That was my first gassing. After you are tear gassed, you are immediately filled with rage. I wouldn’t wish tear gas on my worst enemy.

We stampeded down a side street. Out come the lemons. You pass them around. A teenage girl in agony as as a friend squeezes lemon in her eyes. She could be one of my students. There is a man puking his guts out. Out of nowhere there are people with spray bottles. They grab my hand and spray something in my face. And it works.

One step forwards and one step back. The protest slogs on like this forever. Is it even a protest? It feels like a war.

seeking refuge in a church

Protesters seeking refuge in a church

Men charge forward with objects like a battering ram. Somehow they construct a barricade. This is everything. If they didn’t do this, I am convinced the world would not be talking about Turkey right now. Then they hurl rocks at the police.

building the barracades

We retreat again down a side street. Then there is the sickening realization that the front-line of the protesters has receded past our street. The police are just around the corner. A wild young man runs up to the street, throws a rock and retreats. A  gas canister ricochets off the wall and down the side street. The recovery begins again.

A few minutes pass. Is it safe? My friend inches forward. Suddenly, a storm trooper pivots around the blind corner and fires chest level right at my friend. It missed him by inches. You should know that tear gas is not supposed to be used like this. When fired directly at people, the impact can be fatal.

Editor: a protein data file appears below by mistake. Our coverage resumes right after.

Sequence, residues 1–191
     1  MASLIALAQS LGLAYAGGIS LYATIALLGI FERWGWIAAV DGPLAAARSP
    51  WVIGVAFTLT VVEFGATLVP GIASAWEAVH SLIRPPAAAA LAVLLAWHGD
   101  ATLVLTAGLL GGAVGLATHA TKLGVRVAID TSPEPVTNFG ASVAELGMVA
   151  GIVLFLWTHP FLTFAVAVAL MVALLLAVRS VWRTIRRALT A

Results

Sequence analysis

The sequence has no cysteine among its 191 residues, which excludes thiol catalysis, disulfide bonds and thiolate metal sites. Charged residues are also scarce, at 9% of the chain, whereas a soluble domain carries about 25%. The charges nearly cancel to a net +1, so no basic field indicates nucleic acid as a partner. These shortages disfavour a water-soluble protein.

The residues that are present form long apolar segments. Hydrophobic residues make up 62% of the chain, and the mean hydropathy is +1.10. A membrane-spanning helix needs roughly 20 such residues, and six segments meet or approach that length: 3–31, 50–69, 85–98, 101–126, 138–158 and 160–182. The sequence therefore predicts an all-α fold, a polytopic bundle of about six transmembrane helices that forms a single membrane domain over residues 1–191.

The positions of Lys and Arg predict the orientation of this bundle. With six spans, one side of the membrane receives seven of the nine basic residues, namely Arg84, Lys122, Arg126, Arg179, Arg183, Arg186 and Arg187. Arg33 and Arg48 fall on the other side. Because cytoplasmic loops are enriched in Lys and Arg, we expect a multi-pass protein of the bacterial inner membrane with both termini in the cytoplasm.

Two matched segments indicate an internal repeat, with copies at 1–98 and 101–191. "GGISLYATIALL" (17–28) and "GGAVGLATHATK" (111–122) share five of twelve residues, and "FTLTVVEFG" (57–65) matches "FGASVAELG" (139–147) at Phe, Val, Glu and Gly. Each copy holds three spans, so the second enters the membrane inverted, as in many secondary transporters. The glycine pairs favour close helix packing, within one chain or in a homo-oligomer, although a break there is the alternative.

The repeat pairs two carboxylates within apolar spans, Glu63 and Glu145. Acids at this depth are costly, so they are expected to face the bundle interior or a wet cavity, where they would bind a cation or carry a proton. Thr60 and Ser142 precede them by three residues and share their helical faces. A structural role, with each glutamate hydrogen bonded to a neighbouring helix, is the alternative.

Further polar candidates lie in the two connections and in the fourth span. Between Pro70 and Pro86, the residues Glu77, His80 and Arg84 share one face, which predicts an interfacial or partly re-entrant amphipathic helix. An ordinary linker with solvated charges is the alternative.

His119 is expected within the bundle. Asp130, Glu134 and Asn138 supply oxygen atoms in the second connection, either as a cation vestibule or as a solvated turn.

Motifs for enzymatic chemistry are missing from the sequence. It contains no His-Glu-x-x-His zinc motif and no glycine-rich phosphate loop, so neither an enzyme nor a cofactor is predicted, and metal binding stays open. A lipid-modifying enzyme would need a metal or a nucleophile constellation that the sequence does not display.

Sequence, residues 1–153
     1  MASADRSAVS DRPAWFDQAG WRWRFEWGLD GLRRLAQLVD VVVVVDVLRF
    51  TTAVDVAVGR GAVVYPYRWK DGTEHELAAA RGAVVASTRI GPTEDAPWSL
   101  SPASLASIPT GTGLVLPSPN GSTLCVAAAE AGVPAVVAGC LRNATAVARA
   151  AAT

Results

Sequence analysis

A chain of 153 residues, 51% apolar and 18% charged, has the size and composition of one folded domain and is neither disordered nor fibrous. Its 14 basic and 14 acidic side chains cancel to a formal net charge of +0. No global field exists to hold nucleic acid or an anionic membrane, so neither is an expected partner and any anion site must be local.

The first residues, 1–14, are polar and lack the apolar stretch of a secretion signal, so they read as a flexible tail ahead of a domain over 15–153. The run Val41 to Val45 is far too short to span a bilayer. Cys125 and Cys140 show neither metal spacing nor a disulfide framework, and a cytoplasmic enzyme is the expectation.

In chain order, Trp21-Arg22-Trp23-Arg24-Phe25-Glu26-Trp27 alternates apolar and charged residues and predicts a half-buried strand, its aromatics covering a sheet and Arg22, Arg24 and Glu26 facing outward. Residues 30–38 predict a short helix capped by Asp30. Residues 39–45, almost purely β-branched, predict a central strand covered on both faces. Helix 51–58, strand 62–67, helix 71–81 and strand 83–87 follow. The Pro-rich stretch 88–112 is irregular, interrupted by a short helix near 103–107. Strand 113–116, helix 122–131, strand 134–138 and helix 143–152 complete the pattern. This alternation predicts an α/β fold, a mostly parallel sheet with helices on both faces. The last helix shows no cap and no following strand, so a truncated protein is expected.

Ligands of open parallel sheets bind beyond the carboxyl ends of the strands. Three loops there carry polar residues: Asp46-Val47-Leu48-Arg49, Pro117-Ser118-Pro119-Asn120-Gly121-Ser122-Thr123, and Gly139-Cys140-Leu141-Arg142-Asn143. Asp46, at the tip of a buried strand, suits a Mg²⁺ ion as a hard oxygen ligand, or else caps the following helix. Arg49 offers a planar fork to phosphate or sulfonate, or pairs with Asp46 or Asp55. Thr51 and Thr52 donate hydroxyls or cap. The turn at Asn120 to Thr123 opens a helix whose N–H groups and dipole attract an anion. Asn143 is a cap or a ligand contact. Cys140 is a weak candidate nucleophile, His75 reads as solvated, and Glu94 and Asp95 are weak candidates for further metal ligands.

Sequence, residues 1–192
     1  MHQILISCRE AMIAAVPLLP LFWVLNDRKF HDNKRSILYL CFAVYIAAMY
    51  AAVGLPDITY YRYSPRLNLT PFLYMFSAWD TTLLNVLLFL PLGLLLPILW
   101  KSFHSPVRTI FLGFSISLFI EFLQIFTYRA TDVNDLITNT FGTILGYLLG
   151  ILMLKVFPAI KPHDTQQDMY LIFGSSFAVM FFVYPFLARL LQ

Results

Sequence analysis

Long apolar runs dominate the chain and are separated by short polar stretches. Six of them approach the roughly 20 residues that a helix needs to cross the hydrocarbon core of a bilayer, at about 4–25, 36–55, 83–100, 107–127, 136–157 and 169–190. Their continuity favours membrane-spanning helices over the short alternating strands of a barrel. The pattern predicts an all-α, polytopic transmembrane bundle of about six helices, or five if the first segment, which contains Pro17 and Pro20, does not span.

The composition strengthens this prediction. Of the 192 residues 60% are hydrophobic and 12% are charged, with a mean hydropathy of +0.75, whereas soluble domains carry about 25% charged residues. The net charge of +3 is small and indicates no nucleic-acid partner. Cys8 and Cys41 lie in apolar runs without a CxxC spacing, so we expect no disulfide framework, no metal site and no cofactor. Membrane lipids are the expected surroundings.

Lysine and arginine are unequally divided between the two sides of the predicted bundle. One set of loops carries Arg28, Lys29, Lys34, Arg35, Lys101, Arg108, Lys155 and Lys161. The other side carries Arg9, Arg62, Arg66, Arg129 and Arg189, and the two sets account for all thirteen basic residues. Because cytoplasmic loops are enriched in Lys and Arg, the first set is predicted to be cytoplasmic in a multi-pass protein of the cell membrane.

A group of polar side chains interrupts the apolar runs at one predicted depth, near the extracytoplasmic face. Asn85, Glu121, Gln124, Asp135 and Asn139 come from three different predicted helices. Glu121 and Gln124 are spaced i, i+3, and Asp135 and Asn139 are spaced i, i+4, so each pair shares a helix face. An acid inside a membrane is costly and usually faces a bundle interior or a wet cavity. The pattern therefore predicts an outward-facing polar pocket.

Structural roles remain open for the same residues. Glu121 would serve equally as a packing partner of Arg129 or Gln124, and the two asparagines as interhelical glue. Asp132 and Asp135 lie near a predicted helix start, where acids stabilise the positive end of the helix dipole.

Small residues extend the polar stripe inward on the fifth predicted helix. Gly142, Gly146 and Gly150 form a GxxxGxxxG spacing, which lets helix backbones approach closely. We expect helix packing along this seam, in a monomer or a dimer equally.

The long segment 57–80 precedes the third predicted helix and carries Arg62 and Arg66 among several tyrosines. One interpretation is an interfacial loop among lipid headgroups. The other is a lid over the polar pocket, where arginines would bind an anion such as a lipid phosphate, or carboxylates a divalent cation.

Seconds before a tear gas canister nearly hit my friend

We decided things had got too dangerous, and we began to head back to Asia. At that moment, we recieved a text. “Some protesters had made it to the square.” Timidly we walked back to Istiklal. When we rounded the corner, we found ourselves in an ocean of people. We sang. People began hanging out of windows above. It wasn’t a protest anymore. It was a parade. I felt like Yogi Berra. I felt like the Yankees. I felt like we had won the World Series.

We made it to Taksim Square. Throngs of people were pouring in from every avenue. Then I saw the tanks. Three of them. But they were running. They were retreating under a hail of bricks. They were running for their lives. We had taken the square. We reclaimed the park. For a brief shinning moment, it was Tahrir Square.

After he poisened his cities, shot tear gas into homes, beat down men and women, and even killed his own people, I wonder if it ever crossed his mind? Did he realize this was his greatest miscalculation amongst all of his ham-fisted responses to this crises? Does  he understand that he took a largely apathetic generation of people and woke them up? I feel that could be his greatest mistake yet.

Advertisements